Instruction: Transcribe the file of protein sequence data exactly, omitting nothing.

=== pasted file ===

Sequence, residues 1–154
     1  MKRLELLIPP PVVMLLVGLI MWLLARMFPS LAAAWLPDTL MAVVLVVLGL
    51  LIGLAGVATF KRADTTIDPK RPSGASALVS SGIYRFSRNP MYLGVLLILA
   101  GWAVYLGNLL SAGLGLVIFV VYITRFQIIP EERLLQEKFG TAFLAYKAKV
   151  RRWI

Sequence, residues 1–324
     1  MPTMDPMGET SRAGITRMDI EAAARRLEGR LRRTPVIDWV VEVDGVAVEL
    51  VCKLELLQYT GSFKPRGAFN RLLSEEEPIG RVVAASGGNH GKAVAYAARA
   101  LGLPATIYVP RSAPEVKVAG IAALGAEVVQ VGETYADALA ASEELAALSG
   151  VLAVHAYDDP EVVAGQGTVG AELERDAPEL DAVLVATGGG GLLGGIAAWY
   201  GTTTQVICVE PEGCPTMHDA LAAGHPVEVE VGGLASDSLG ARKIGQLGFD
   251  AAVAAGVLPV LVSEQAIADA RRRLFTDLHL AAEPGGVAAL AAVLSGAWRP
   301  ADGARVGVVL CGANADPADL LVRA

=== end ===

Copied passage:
Sequence, residues 1–154
     1  MKRLELLIPP PVVMLLVGLI MWLLARMFPS LAAAWLPDTL MAVVLVVLGL
    51  LIGLAGVATF KRADTTIDPK RPSGASALVS SGIYRFSRNP MYLGVLLILA
   101  GWAVYLGNLL SAGLGLVIFV VYITRFQIIP EERLLQEKFG TAFLAYKAKV
   151  RRWI

Sequence, residues 1–324
     1  MPTMDPMGET SRAGITRMDI EAAARRLEGR LRRTPVIDWV VEVDGVAVEL
    51  VCKLELLQYT GSFKPRGAFN RLLSEEEPIG RVVAASGGNH GKAVAYAARA
   101  LGLPATIYVP RSAPEVKVAG IAALGAEVVQ VGETYADALA ASEELAALSG
   151  VLAVHAYDDP EVVAGQGTVG AELERDAPEL DAVLVATGGG GLLGGIAAWY
   201  GTTTQVICVE PEGCPTMHDA LAAGHPVEVE VGGLASDSLG ARKIGQLGFD
   251  AAVAAGVLPV LVSEQAIADA RRRLFTDLHL AAEPGGVAAL AAVLSGAWRP
   301  ADGARVGVVL CGANADPADL LVRA